Thursday, August 19, 2010

Vintage Halloween Party

Mrs. Herbert B. Linscott, in the book, Bright Ideas for Entertaining, gives us a glimpse into the past with her tips on throwing a Halloween bash in 1905.

All formality must be dispensed with on Halloween. Not only will quaint customs and mystic tricks be in order, but the decorations and refreshments, and even the place of meeting, must be as strange and mystifying as possible.

The light should be supplied only by Jack-o-lanterns hung here and there about the kitchen, with candles in the dining-room. The decorations need not be expensive to be charming, no matter how large the room. Large vases of chrysanthemums and ferns and umbrella stands of fluffy grasses will be desirable; but if these cannot be readily obtained, quantities of gayly tinted autumn leaves will be quite as appropriate. Festoons of nuts, bunches of wheat or oats, and strings of cranberries may also help to brighten the wall decorations. The nuts and cranberries will be useful in many odd arrangements for ornamenting the refreshment table.

Have the table long enough (even if it must be extended with boards the whole length of the room) to accommodate all the guests at once. Arrange huge platters of gingerbread at each corner, with dishes of plain candies and nuts here and there, and pyramids of fruit that will be quickly demolished when the guests are grouped about the table. No formal waiting will be desirable.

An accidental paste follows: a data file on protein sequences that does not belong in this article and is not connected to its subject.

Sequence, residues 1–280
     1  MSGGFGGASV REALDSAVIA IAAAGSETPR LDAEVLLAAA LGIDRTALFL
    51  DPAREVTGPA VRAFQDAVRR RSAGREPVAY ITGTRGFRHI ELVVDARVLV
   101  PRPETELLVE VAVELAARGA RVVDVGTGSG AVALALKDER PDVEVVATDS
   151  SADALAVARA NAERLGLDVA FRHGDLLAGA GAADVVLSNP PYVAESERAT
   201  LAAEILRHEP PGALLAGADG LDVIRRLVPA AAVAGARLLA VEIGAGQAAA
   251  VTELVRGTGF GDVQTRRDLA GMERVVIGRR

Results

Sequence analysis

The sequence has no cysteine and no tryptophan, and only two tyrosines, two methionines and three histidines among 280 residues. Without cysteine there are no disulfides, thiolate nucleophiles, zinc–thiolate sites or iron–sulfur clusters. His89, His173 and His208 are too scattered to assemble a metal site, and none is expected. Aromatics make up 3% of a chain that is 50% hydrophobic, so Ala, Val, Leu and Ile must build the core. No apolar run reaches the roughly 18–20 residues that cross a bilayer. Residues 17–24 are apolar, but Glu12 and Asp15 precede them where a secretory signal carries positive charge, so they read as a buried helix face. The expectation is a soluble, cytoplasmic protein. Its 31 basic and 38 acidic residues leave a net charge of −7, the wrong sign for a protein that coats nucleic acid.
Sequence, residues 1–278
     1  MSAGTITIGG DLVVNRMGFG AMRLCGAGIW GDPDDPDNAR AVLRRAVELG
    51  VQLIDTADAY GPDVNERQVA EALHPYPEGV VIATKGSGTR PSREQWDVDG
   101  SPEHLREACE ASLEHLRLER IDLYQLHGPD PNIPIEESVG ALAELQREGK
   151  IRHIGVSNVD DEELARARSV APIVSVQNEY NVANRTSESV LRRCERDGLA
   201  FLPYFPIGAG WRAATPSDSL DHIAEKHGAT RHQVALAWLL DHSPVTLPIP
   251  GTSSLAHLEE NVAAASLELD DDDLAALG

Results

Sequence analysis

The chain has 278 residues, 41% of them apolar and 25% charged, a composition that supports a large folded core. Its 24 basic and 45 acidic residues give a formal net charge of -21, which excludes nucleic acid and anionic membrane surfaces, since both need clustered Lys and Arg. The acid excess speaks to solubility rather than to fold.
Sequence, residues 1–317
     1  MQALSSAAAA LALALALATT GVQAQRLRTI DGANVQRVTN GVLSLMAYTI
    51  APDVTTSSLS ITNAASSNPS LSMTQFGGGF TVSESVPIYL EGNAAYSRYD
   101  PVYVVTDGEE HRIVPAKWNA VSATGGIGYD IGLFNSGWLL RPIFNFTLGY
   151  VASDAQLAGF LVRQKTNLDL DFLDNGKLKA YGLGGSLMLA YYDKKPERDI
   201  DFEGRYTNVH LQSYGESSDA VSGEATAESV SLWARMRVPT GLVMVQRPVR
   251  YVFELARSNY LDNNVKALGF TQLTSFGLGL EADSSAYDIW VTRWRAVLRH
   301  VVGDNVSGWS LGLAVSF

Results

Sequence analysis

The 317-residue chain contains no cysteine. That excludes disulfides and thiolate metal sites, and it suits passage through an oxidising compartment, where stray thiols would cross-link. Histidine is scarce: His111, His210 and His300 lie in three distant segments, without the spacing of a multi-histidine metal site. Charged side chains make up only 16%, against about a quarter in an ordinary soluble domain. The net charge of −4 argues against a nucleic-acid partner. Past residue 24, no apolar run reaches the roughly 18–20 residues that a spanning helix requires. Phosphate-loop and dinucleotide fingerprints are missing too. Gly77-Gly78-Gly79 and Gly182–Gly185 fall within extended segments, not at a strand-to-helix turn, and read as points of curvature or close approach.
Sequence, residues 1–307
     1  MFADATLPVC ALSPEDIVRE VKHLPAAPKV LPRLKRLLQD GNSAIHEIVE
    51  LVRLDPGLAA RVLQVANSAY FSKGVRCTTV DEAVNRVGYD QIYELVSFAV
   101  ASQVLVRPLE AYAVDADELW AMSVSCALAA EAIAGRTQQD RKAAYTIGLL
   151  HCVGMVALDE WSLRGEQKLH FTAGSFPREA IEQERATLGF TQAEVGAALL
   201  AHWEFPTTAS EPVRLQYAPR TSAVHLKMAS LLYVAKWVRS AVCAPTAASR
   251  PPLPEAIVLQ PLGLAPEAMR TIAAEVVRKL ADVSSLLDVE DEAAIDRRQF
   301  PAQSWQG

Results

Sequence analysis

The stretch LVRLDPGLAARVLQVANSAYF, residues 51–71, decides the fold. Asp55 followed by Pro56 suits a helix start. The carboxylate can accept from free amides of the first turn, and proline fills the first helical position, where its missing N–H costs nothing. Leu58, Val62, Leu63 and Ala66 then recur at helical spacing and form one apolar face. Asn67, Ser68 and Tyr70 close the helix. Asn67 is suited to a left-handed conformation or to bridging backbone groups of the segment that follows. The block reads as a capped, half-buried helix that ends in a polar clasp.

Have mirrors everywhere; big mirrors, medium-sized mirrors, and little, wee mirrors, all reflecting and multiplying countless candles that burn in candlesticks of every description(most novel are those made from long-necked gourds and tiny squashes).

The dining table should be draped in pale green crepe paper, the lights above being shrouded in gorgeous orange. Pumpkins of various sizes should be scooped and scraped to a hollow shell and lined with waxed paper and filled with good things to eat, should be placed in the centre of the table. Lighted candles and quaint oriental lanterns will add greatly to the decorations.

The menu should include bannocks, scones and other Scotch dainties. If desired, droning bagpipes might accompany the feast. After listening to ghostly tales related by white-draped figures, the guests may receive all sorts of amusing souvenirs from a large pumpkin place at a table at the door.

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